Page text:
OCEANSIDE — Nine city facilities will soon be powered by solar energy. The benefits of the clean energy project are many. They include carbon dioxide reduction, reliable electricity at a set rate, protection against future rate increases and reduced dependence on SDG&E.
“The benefits of this project include reducing the equivalent of 478 tons of carbon dioxide emissions annually, which translates to planting 725 trees, or taking 85 cars off the road for an entire year,” John McKelvey, city water utilities senior management analyst, said.
Oceanside has a 25-year agreement to buy generated electricity from PFMG Solar at a price below SDG&E rates. In return, the company will install and maintain the solar energy systems. Construction will be completed by Primoris Renewable Energy, a subcontractor to PFMG Solar.
“The city has no cost for installation or maintenance,” McKelvey said. “We only pay for the electricity that is generated.”
Councilman Jerry Kern said the project is a good step forward in utilizing renewable energy and reducing carbon dioxide.
“We have 320 days of sunshine we should capitalize on,” Kern said. “Lower energy costs are an immediate benefit.”
A groundbreaking ceremony for the project was held in March 2016 at Fire Station 7, which will be one of the first sites to have solar panels installed. Since the groundbreaking, the project has moved through design and permitting.
The first phase of construction will begin soon.
“Construction of the solar sites involves site preparation, which may include removal of lights and/or trees, digging support pier bases and erecting steel, installation of the solar panels and electrical work,” McKelvey said. “The impact on the public will be minimal.”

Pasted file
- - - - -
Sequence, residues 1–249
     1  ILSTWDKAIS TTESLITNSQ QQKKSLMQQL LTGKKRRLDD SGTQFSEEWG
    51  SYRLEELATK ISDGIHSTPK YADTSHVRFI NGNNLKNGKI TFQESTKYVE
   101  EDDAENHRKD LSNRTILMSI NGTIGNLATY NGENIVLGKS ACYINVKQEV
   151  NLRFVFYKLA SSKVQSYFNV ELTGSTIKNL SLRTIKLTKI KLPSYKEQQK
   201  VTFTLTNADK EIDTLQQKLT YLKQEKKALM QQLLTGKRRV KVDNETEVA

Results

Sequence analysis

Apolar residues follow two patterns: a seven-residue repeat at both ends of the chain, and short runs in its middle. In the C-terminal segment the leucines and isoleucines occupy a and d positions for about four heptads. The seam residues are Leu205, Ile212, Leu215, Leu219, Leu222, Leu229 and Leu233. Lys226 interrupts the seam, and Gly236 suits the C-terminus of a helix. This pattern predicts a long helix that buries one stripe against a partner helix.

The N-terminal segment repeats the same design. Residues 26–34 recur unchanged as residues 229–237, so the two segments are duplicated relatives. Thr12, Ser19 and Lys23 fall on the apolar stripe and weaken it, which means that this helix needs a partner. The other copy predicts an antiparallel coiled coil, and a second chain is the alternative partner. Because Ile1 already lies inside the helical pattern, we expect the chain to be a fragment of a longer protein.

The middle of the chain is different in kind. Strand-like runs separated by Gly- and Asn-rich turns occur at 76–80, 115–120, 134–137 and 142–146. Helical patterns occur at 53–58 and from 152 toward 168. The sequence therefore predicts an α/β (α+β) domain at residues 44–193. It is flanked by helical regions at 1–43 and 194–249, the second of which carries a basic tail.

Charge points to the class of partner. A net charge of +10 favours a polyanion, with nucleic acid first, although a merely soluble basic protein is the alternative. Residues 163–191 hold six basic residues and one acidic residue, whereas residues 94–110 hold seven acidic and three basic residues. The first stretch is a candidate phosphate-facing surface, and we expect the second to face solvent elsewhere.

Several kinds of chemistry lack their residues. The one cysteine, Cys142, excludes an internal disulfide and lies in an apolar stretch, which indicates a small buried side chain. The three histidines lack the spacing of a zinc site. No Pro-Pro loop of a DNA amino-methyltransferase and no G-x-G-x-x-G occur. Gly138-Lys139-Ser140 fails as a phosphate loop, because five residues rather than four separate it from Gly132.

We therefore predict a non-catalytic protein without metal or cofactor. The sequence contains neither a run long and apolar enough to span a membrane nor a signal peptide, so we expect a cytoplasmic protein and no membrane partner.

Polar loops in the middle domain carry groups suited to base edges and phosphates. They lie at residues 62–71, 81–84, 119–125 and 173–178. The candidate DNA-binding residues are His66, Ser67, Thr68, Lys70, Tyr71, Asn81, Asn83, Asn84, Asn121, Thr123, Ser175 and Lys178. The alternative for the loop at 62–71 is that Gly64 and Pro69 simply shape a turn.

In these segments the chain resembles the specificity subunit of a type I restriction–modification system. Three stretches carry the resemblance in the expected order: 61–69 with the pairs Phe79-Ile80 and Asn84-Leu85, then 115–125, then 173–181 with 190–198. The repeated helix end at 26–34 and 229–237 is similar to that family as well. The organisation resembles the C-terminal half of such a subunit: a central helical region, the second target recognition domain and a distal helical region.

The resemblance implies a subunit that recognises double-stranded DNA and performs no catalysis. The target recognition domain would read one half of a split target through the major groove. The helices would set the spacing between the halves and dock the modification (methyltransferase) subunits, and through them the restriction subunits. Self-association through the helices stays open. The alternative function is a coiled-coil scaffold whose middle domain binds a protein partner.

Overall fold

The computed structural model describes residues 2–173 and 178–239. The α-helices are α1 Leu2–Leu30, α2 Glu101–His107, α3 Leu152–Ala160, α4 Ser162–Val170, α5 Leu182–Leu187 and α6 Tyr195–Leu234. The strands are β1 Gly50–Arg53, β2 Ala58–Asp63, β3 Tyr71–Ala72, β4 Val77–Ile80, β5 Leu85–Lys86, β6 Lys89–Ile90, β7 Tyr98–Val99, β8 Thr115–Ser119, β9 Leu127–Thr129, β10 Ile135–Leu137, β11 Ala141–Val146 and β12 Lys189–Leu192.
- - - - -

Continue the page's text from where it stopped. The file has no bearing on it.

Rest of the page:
During phase 1 covered parking will be built to hold solar panels at Fire Station 7, Melba Bishop Community Center, El Corazon Senior Center and the city Operations Center.
Additionally, new roofs will be installed on two buildings at the Police Headquarters on Mission Avenue to bear the weight of the solar panels.
PFMG will cover the costs of adding covered parking structures and the new roofs as part of systems installation.
Each system is sized to meet a little less than the total site energy needs.
“PFMG and the city estimated that approximately 74 percent of our power needs will be offset by solar power,” McKelvey said.
In September, phase 2 of the project will add solar panels to Fire Stations 4 and 6, the Fire Training Center and Martin Luther King, Jr. Park.
Work at the city park site will necessitate temporary closure of the main parking lot.
“The city is working with nearby schools and affected parties to minimize the impacts; however, closures will be necessary,” McKelvey said.
Oceanside also has solar panels in operation at the San Luis Rey Water Reclamation Facility from a previous Power Purchase Agreement.
Phase 1 construction for the current project begins this week.
PFMG Solar has completed similar projects in Orange County and Palmdale.